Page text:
As you suspect, there are many parameters that can be tweaked and traded off in making any particular MOSFET. The ones intended for switching application strive for a low Rdson mostly. IC designers sometimes use "long tail" FETs to make something approximating a current source. I don't know what level of consistency and current flatness can be achieved by these devices (I am not a IC designer), but I do know they are used for this purpose in some cases.
No, there are no MOS current sources or anything else MOS in a 741 opamp. That is a strictly bipolar part. There are opamps that have FET front ends, or are exclusively made from FETs, but the ancient 741 is not one of them. Most of the modern low voltage "rail to rail" opamps are genarally all FET, like the Microchip MCPxxxx series.
I'm not totally clear about what you are asking, but yes, some MOSFETs in some cases are deliberately designed to exploit the roughly constant current behaviour in the saturation region. Like I said, I've heard IC designers use the term "long tail FET" for such devices when they wanted something that worked roughly like a current source. I haven't tried to search that, but you might find some additional information by doing that. I think the name comes from the fact that the channel is made long and thin, which causes it to saturate over a larger part of the operating range.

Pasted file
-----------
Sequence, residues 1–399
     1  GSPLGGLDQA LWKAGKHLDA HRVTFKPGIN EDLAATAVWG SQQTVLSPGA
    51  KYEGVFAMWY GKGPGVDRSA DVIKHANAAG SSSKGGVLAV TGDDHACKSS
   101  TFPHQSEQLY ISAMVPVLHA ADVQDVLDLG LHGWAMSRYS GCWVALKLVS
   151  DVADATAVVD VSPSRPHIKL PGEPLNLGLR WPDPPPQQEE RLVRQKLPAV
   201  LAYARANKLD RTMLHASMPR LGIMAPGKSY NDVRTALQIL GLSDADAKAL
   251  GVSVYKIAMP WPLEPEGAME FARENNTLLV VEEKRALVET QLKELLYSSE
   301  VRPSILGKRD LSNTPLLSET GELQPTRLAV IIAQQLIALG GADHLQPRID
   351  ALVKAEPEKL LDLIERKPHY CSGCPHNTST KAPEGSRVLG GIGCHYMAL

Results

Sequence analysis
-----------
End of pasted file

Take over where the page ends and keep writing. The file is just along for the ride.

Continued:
Whether there are discrete FETs you can buy that are optimized to exploit the constant current in saturation effect, I don't know. Probably any FET intended for analog (not switching) applications has at least part of the usable operating range in this mode. Switching FETs are optimized for low on resistance, so their constant current mode saturation region may be outside the normal operating range. For example, it might require more current than the device can handle or dissipate the resulting power. It's not that it's not there, just you can't reach it without desroying the device.